Day of the Dead is a holiday celebrated throughout Mexico, in particular the Central and South regions, and acknowledged around the world. The holiday focuses on gatherings to pray for and remember friends and family members who have died, and help support their spiritual journey. In 2008, UNESCO inscribed the tradition in the Representative List of the Intangible Cultural Heritage of Humanity.
In Mexico, the day is a public holiday. Prior to Spanish colonization in the 16th century, the celebration took place at the beginning of summer. It was moved to October 31, November 1, and November 2 to coincide with the Roman Catholic triduum of Allhallowtide: All Saints' Eve, All Saints' Day, and All Souls' Day. Traditions connected with the holiday include building private altars called ofrendas; honoring the deceased using sugar skulls, marigolds, and the favorite foods and beverages of the departed; and visiting graves with these as gifts. Visitors also leave possessions of the deceased at the graves.
Scholars trace the origins of the modern Mexican holiday to indigenous observances dating back hundreds of years and to an Aztec festival dedicated to the goddess Mictecacihuatl. The holiday has spread throughout the world, being absorbed within other deep traditions for honoring the dead. It happens to be a holiday that has become a national symbol and as such is taught (for educational purposes) in the nation's schools, but there are families who are more inclined to celebrate a traditional "All Saints Day" associated with the Catholic Church.
On October 31, All Hallows Eve, the children make a children's altar to invite the angelitos (spirits of dead children) to come back for a visit. November 1 is All Saints Day, and the adult spirits will come to visit. November 2 is All Souls Day, when families go to the cemetery to decorate the graves and tombs of their relatives. The three-day fiesta is filled with marigolds; the flowers of the dead; muertos (the bread of the dead); sugar skulls; cardboard skeletons; tissue paper decorations; fruit and nuts; incense; and other traditional foods and decorations.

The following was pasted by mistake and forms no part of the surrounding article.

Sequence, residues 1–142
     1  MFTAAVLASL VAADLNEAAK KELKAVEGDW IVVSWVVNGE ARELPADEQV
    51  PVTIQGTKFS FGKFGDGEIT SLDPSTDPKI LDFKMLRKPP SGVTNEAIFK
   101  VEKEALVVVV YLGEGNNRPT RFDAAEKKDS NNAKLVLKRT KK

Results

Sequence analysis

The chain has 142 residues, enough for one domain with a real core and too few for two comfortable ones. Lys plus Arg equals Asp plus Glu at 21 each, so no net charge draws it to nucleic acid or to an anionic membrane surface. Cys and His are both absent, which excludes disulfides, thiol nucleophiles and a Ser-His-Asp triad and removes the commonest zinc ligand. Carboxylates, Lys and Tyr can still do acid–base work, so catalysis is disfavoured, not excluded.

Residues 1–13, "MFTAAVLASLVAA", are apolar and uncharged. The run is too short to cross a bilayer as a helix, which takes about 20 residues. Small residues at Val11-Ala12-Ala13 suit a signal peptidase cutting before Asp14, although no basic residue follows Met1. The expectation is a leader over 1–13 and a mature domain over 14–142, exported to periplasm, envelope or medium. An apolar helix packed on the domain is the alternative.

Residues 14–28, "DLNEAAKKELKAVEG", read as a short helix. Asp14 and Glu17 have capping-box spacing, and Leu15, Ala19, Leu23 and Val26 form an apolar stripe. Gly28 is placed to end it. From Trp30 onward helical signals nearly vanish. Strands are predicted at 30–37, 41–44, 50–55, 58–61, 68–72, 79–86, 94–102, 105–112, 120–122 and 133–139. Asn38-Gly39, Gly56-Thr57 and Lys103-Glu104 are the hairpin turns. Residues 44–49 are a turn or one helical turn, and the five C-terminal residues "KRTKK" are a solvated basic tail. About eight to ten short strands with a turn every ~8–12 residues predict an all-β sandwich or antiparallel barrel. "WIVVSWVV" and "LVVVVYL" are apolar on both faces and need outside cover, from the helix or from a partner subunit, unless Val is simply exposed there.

The Days of the Dead:
Sunday October 29th, 2017
Dia de Los Muertos/ Day of the Dead. Hands-on activities for ages 3 to 103. Enjoy live music, write a memorial leaf for the tree of life on the community altar, and enjoy seasonal refreshments. Costumes are encouraged, not required. Admission is FREE for EVERYONE!
October 27th-29th on the Plaza (Procession November 2nd)
Expect lots of music, dancing, a parade, food, activities for kids and arts vendors. This community event is free to the public. Donation of non-perishable food items is encouraged.
In Albuquerque, Día de los Muertos celebrations take place over several weeks in October and November, though the holiday is traditionally celebrated between October 31st and November 2nd.
Families remember deceased loved ones and honor them by building offering altars (ofrendas) where sugar skulls are placed, along with offerings of bread (pan de muertos). Although the subject matter may not be, the holiday itself is festive, as spirits are welcomed back into peoples' lives for another year.